Civilizing the ‘Barbarian’: a critical analysis of behaviour modification programmes in forensic psychiatry settings



    1. Professor and University Research Chair in Forensic Nursing, School of Nursing, Faculty of Health Sciences, University of Ottawa, Ottawa, ON, Canada and Visiting Professor, Faculty of Health & Social Care, University of Chester, Chester, UK
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    1. Associate Professor of Rhetoric, Department of English, Ryerson University, Toronto, ON and Assistant Professor, Social and Behavioural Health Sciences, Dalla Lana School of Public Health, University of Toronto, Toronto, ON, Canada
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Dave Holmes
University of Ottawa
Faculty of Health Sciences
451 Smyth Road
Canada K1H 8M5


holmes d.&murray s.j. (2011) Journal of Nursing Management 19, 293–301
Civilizing the ‘Barbarian’: a critical analysis of behaviour modification programmes in forensic psychiatry settings

Aim  Drawing on the works of Erving Goffman and Michel Foucault, this article presents part of the results of a qualitative study conducted in a forensic psychiatry setting.

Background  For many years, behaviour modification programmes (BMPs) have been subjected to scrutiny and harsh criticism on the part of researchers, clinicians and professional organizations. Nevertheless, BMPs continue to be in vogue in some ‘total’ institutions, such as psychiatric hospitals and prisons.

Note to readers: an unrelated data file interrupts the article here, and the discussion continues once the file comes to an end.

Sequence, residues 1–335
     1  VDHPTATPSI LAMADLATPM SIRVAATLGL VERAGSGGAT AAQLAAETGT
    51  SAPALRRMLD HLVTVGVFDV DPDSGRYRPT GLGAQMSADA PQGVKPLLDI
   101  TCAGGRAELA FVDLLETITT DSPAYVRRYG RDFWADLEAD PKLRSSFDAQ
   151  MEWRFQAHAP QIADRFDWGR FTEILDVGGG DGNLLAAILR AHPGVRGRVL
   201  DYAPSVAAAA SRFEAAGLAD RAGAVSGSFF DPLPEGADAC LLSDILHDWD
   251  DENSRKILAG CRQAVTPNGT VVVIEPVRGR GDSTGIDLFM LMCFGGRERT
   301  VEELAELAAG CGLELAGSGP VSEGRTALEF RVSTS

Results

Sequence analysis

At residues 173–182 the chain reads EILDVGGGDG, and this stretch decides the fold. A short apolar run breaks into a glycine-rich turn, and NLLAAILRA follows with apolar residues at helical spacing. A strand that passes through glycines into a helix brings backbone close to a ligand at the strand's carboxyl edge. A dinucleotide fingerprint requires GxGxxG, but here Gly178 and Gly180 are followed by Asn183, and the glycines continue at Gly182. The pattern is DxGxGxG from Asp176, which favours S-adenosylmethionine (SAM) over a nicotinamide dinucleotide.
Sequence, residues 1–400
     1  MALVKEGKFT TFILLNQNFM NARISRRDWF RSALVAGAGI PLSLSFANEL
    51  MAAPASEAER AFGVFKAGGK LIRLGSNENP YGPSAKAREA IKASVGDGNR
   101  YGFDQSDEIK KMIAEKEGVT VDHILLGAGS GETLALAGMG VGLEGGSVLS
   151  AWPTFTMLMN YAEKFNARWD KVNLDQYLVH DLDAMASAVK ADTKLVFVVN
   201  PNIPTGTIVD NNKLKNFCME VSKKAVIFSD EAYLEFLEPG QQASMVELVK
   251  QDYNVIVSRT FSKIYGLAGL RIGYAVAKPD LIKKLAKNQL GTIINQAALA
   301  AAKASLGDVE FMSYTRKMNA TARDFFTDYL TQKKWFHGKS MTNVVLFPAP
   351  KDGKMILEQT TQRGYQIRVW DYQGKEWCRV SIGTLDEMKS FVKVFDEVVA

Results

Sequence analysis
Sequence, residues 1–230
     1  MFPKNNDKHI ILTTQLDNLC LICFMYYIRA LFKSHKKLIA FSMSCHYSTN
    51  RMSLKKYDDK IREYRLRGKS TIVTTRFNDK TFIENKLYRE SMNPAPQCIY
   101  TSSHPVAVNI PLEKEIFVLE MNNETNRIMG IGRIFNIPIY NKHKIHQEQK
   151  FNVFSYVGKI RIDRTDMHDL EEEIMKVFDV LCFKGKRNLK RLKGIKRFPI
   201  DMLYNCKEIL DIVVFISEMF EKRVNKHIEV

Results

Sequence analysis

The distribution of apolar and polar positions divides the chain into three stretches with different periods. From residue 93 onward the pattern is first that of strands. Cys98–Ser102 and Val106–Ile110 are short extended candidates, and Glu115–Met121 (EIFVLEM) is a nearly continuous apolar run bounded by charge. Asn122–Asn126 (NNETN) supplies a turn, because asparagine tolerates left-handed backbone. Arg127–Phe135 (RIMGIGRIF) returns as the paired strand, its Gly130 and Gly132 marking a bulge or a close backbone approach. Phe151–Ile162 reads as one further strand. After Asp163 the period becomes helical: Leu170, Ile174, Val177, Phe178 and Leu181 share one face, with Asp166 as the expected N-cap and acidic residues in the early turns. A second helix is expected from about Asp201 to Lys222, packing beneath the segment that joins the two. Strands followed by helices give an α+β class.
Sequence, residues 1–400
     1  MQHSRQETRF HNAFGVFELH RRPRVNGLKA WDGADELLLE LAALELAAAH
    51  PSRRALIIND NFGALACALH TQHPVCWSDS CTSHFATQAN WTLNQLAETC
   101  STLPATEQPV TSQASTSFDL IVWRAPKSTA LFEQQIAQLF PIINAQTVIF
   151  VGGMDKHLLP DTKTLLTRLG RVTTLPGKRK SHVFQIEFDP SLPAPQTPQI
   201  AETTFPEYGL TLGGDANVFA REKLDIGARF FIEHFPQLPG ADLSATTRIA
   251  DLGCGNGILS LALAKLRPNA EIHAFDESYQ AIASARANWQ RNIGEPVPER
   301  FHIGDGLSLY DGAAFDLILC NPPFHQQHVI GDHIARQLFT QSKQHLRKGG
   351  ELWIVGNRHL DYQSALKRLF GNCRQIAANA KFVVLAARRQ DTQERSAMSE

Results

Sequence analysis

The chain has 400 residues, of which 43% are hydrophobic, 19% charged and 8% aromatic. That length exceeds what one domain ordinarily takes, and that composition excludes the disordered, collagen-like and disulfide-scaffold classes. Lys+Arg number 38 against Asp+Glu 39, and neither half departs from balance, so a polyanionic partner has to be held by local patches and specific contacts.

Method  Discourse analysis of mute evidence available in situ was used to critically look at behaviour modification programmes.

Results  Compelling examples of behaviour modification care plans are used to illustrate our critical analysis and to support our claim that BMPs violate both scientific and ethical norms in the name of doing ‘what is best’ for the patients.

Conclusion  We argue that the continued use of BMPs is not only flawed from a scientific perspective, but constitutes an unethical approach to the management of nursing care for mentally ill offenders.

Implications for Nursing Management  Nurse managers need to be aware that BMPs violate ethical standards in nursing. As a consequence, they should overtly question the use of these approaches in psychiatric nursing.